EAGLES’ DEFENSIVE SCHEME
The Eagles’ run a 4-3 base defense (I did see one or two 3-4 fronts however), but I would expect to see their nickel (4-2-5) defense most of the time, as the Vikings will likely have 3 wide receivers on the field most of the time. Having a mediocre 5’9”, 184 pound slot corner on the field as much as possible is an advantage for the Vikings, run or pass.
The Eagles played either Cover 4 or Cover 3 against the Lions, roughly 60% Cover 4 and 40% Cover 3. It’s unclear how that may change against the Vikings. At first thought, the Eagles could have their best cornerback, Darius Slay, shadow Justin Jefferson. But on second thought, and considering O’Connell’s offense, that may not work out as well and could complicate things for the Eagles’ coverage scheme.
Lastly, the Eagles didn’t blitz a lot against the Lions. They started out with a few more blitz calls in the first half but seemed to get away from it as the game wore on. It wouldn’t be surprising to see the Eagles test the Vikings pass protection with some blitzes, try to make Cousins uncomfortable, and get the ball out of his hands sooner than he’d like. That may be their best option in slowing down Justin Jefferson. Wouldn’t be surprised to see more two-high safety looks from the Eagles’ defense either.
Eagles - Vikings Matchup
Unlike the Packers game, where it was more strength on strength when the Vikings’ offense went up against the Packers’ defense, this game will be more strength on relative weakness on both sides, which could lead to a higher scoring game. I do think the Vikings have the better defense on paper, and at least as good an offense, but we’ll have to see how it plays out.
VIKINGS OFFENSE VS. EAGLES DEFENSE
Offensively for the Vikings, it wouldn’t be surprising to see the Vikings running backs more involved, starting with Dalvin Cook, in both rushing and receiving. My guess is that the Eagles will try to eliminate big plays by playing two-high safeties a lot, hoping to pressure Cousins, and force the Vikings to make third-down conversions and long drives for touchdowns.
Their bet will be that the Eagles offense can do that better than the Vikings’ offense, as statistics from the last ten games or so would bear out- including last weekend.
For the Vikings, their hope will be twofold. First, that they can turn runs and underneath throws into big plays occasionally by forcing the Eagles’ defense to tackle well, which they didn’t do week one against the Lions. That could eventually open up longer throws as well. Secondly, the Vikings will hope to get out to a fast start and force the Eagles’ offense to play from behind- which eventually will take them out of their preferred game plan.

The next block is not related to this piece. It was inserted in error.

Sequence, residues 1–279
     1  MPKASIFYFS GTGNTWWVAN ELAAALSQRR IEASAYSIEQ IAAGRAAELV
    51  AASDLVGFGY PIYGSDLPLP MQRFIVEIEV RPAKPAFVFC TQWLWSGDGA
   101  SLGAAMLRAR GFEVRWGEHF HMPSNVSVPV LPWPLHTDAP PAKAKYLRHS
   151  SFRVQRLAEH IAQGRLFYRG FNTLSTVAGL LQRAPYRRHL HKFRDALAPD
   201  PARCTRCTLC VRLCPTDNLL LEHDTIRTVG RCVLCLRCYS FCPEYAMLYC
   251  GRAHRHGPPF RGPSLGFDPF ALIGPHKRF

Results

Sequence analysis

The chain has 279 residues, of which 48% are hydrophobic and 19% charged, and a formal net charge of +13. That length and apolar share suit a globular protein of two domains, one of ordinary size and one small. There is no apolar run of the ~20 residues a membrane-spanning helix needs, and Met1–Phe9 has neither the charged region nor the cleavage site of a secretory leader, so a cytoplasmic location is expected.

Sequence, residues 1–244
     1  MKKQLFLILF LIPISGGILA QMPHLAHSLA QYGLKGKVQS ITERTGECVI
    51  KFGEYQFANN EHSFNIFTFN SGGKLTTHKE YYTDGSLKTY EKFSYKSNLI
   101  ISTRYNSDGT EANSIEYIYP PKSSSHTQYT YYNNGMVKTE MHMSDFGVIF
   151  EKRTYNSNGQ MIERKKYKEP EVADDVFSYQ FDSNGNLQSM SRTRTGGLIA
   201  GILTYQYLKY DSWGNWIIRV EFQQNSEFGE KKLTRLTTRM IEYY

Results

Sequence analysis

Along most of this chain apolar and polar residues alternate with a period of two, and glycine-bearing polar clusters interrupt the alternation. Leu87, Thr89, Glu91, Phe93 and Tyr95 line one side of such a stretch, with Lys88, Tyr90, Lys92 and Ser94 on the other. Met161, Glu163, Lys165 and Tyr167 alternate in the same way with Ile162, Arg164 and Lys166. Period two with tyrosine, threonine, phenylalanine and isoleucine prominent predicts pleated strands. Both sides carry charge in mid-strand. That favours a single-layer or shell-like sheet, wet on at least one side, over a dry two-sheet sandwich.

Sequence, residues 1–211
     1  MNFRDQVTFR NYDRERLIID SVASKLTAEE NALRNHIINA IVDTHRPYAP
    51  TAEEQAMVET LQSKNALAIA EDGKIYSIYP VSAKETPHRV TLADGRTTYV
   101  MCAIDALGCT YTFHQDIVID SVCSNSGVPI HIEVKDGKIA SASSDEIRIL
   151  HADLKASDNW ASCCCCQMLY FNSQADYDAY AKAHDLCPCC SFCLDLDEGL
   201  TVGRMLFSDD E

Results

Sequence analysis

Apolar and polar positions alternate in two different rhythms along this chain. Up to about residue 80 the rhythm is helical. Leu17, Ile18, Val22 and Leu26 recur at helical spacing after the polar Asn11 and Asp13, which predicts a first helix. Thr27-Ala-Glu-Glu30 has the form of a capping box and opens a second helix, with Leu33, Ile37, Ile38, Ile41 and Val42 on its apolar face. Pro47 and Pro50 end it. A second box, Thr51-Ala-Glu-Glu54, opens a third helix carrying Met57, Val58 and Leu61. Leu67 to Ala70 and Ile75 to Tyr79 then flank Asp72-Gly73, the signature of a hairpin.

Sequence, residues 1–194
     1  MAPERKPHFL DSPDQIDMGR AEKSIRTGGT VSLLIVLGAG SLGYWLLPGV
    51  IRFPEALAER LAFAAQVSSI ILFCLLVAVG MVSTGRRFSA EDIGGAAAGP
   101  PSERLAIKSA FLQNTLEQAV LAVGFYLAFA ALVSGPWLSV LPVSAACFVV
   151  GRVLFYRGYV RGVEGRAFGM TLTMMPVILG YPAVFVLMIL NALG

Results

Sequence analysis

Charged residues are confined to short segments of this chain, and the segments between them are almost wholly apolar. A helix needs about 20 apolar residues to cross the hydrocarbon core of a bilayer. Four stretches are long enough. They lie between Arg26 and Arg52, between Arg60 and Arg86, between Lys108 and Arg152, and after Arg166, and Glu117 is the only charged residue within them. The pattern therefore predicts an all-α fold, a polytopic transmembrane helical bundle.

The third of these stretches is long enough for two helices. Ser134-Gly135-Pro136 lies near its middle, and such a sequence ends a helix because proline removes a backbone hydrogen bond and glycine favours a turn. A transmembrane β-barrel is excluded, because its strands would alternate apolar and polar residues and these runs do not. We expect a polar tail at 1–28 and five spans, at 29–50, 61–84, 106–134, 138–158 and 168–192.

I also would not be surprised to see the Vikings use more tight bunch formations (3 receivers/back in a tight triangle formation) to create confusion for the Eagles defense, both in the pass and run game. Testing the Eagles’ ability to communicate and adapt on the fly could lead to some chunk plays for the Vikings, as the Eagles have a few new players in their secondary that haven’t worked together much yet.
EAGLES OFFENSE VS. THE VIKINGS DEFENSE
I don’t expect much change in the Eagles offense. They will do what Jalen Hurts does well- run the ball and throw mostly high-percentage passes in short to intermediate routes to move the chains. The key is to keep the Vikings defense, and particularly the Vikings’ linebackers, off-balance and a little out-of-position to allow their offense to work.
That’s not to say the Eagles don’t have good wide receivers- they do in AJ Brown and Davanta Smith. But the deep passing game is not Hurts’ forte. They’ll take their shots, but deep passes are not their go-to strategy. They’d rather wear down a defense with the run game and controlled passing attack, and if the defense cheats forward try to beat them with a deep shot. But overall the Eagles run a conservative offense that is well suited to their players and have been able to execute very efficiently since about mid-season last year. The Eagles finished last season ranked 4th in third-down conversions at 45.7%, and 8th in red zone TD conversions at 62.3%. After one game this season, they’re ranked 5th and 10th respectively.
For the Vikings’ defense, minimizing the Eagles’ run game and helping to win the turnover battle will be keys to victory. Holding the Eagles to under 150 yards rushing (which seems like a lot but this is their game) and producing more takeaways than turnovers is a recipe for success against this team. Forcing the Eagles to play from behind and get out of their game plan is one way to accomplish minimizing their run game, with the other simply being patient and disciplined in run defense, tackling well, and getting good support outside from defensive backs in run defense. A disciplined pass rush is important as well, as Hurts likes to pull the ball down and run when nobody is open.
The Eagles did not turnover the ball against the Lions, which was key in their road win last weekend. I would be surprised if the Eagles avoided any turnovers against the Vikings. The Vikings had two takeaways last weekend against Aaron Rodgers, who doesn't turnover the ball much at all. I wouldn’t be surprised to see Hurts have a fumble and an interception Monday night as well.
Lastly, keeping the Eagles out of the end zone when they enter the red zone is also key. Hurts has just 17 TD passes in his last 17 games, so stopping the run in the red zone will be key. In general, the Vikings defense will be better served by making Hurts beat them with his arm rather than his legs.
The Eagles team is a lot different than the Packers team the Vikings defeated last weekend. They’re not as good a defense as the Packers and run a quite different offense as well- but have been remarkably successful with it. The Eagles offense finished 12th in points and 14th in yards last season. The Vikings offense finished 14th in points and 12th in yards.
The key to this game may well come down to which team’s defense does the better job slowing down a top offense. On paper the Vikings’ defense looks like a stronger unit, and with a couple savvy veteran linebackers they may have more difficulty getting them to bite on their RPOs and play-action passes, which could make moving the chains more difficult for the Eagles offense.
Getting out to an early lead on the road would be ideal for the Vikings, but that remains to be seen. I like the Vikings’ chances of winning the turnover battle though, but how they fare in run defense is less certain. I expect a close game and a good test, especially defensively, for the Vikings on Monday night.
The Vikings are currently two-point underdogs on the road against the Eagles.
What will the result of the Vikings-Eagles game be?
This poll is closed
Vikings win by 13+ points
Vikings win by 6-12 points
Vikings win by 1-5 points
Eagles win by 1-5 points
Eagles win by 6-12 points
Eagles win by 13+ points
Game ends in a tie